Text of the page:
Fitbit sales fall, the stock market sanctions

Fitbit sales fall, the stock market sanctions

                            
                    Yesterday ultra dominator on the wearables market that was the focus of activity sensors, Fitbit must reinvent itself to try to compete with Apple in the more complicated segment of connected watches. Although 2017 is presented as a year of transition by the management of the company, its bad numbers (and its prospects still clogged) seriously worry the shareholders.
                
            
                            

To meet the Nike Edition of the Apple Watch, Fitbit just released this Adidas version of its Ionic watch.

Once dominated by Fitbit, the "wearable" market has largely evolved to the advantage of Apple in recent years following the sharp erosion of sales of activity sensors in favor of real watches connected to more comprehensive features. Problem for Fitbit, the Apple Watch outrageously dominate this market. As a result, Fitibit sales continue to fall, which is confirmed by the company's latest financial results.

In particular, we learn that in 2017, Fitbit delivered 7 million fewer products than in 2016, which represents a tumble in volume sales of -46%. As a result (and despite an increase in sales prices of 8% on average), its annual turnover rose from $ 2.169 billion in 2016 to $ 1.615 billion in 2017 (-34%), although almost maintained in the last quarter of the year at $ 570.8 million. Once consolidated, these annual results show an increase in losses recorded: after losing $ 102.8 million in 2016, Fitbit lost $ 277.2 million in 2017.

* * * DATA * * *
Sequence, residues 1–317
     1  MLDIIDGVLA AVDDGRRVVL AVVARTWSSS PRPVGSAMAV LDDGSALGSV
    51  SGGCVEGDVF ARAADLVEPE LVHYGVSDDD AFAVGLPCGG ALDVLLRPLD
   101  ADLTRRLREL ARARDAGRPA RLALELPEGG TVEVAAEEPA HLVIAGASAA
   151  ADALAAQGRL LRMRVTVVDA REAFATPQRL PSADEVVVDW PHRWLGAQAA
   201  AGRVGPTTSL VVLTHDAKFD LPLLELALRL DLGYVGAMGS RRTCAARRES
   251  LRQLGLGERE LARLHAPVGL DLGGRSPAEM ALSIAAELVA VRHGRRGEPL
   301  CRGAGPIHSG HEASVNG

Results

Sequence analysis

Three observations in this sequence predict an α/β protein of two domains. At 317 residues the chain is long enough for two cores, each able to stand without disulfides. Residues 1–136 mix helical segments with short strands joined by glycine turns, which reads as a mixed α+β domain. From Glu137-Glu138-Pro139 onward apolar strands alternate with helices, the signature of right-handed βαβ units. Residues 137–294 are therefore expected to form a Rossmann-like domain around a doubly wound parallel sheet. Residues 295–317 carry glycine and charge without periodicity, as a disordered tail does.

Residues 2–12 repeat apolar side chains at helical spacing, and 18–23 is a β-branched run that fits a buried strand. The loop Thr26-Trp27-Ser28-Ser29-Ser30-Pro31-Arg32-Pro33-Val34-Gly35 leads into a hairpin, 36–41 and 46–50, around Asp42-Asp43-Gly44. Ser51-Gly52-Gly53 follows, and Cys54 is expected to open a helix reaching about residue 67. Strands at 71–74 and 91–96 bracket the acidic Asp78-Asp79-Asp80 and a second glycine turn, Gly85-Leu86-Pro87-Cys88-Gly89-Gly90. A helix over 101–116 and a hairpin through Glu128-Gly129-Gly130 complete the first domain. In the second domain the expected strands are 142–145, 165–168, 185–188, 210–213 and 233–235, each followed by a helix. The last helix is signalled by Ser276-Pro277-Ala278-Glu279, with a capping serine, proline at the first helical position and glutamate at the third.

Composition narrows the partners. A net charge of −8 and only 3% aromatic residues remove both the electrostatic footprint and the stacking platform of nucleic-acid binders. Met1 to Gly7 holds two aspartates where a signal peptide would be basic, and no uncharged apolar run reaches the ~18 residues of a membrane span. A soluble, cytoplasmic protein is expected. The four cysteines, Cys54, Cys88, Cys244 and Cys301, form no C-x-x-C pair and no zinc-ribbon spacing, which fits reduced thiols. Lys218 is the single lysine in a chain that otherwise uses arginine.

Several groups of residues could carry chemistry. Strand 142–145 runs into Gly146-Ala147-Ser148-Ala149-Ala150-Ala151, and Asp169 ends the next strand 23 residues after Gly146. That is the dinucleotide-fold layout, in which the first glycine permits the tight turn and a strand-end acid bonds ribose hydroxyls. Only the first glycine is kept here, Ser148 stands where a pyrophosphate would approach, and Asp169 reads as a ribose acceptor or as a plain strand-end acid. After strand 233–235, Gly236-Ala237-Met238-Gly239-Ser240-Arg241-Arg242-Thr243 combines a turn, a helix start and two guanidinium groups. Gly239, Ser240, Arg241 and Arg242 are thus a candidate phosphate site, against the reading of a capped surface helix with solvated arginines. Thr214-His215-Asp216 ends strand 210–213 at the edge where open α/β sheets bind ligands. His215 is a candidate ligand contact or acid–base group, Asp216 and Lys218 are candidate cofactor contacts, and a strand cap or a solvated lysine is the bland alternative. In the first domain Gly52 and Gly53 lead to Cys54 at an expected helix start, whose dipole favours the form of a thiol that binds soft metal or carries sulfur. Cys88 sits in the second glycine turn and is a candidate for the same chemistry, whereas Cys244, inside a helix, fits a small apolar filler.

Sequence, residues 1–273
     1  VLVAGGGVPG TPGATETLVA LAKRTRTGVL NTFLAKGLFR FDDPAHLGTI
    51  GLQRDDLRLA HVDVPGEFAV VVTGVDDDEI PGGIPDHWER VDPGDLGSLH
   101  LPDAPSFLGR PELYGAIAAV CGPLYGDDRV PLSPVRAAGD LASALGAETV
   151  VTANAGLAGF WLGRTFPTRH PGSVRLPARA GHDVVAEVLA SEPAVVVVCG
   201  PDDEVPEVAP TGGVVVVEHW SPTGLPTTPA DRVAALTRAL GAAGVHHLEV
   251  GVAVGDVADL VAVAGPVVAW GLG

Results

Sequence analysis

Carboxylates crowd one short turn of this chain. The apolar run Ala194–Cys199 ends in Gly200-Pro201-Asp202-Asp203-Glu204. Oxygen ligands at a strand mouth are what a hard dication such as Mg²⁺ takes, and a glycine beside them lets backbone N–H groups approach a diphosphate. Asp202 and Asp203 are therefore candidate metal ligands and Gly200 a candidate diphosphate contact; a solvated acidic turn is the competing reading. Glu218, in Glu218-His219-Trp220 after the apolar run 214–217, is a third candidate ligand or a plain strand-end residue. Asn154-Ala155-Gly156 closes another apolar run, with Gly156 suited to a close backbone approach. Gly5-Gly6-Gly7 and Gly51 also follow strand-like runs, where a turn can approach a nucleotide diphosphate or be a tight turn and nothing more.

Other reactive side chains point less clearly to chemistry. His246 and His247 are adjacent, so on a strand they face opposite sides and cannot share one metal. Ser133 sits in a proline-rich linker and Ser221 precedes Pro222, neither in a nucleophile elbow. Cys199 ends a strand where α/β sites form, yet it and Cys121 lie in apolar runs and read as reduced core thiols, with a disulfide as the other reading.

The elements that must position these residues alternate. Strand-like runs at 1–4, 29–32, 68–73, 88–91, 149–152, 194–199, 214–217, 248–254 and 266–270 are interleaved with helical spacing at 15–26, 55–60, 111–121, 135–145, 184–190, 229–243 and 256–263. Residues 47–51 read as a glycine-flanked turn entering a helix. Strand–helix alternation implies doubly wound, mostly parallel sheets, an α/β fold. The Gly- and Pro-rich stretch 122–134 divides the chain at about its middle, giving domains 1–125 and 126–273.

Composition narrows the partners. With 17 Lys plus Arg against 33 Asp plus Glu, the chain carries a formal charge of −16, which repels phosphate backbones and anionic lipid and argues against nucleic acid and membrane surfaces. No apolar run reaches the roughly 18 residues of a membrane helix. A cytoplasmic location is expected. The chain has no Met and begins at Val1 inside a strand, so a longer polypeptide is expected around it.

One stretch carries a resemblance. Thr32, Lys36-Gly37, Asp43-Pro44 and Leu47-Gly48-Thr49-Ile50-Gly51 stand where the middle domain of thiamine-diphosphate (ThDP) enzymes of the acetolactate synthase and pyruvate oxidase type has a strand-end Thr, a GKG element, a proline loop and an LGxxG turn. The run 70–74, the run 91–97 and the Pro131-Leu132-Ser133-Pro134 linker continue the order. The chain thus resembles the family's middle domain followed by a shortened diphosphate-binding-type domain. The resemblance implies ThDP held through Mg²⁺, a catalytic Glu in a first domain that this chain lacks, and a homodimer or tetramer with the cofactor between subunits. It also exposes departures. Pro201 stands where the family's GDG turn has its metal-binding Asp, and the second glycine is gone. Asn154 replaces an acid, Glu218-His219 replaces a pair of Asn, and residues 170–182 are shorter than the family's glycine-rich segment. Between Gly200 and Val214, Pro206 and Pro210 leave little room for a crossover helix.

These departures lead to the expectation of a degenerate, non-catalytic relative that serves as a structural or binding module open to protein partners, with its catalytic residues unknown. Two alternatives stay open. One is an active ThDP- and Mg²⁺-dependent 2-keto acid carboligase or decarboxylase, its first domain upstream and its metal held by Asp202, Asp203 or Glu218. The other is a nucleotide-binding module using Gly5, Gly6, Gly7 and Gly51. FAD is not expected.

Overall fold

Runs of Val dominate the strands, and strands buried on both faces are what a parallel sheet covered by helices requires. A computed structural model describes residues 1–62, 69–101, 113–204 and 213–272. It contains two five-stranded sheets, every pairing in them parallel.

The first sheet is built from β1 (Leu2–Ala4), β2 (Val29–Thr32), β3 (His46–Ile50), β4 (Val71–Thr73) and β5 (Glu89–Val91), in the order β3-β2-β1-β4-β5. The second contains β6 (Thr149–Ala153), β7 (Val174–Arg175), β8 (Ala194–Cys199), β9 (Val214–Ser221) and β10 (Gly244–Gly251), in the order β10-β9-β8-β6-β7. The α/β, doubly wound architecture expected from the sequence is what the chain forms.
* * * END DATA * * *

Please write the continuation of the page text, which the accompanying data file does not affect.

New decline in activity expected in 2018
In this context, the brand may well insist that it now has 25.4 million active users, it is impossible to reassure shareholders. On the stock market, the publication of these results has triggered a strong reaction, with a very strong first drop of almost -10% of the share price, below the $ 5 mark. Logically, when we know that despite an optimistic speech, the management of Fitbit already anticipates a further decline in revenue in 2018, with a turnover of 1.5 billion dollars. The years of double-digit growth (from 2012 to 2016, which remains Fitbit's best exercise) seem to be over. However, Fitbit remains ambitious. The brand recently negotiated some interesting buybacks – Pebble at the end of 2016, Vector and Twin Health in 2017 – and plans to gain a foothold in the connected health market, thanks in particular to a partnership with Dexcom and investments made in the start-up Sano, two players in the measurement of blood glucose. It is also planning the launch of a new range of smartwatches this year. "We have made significant progress in 2017 in a very changing market (…) In 2018, we will focus on reducing our expenses, continuing to grow in the connected watch market and supporting our community in their sports activities and monitoring their health status, "commented James Park, co-founder and CEO of Fitbit.
            
                    

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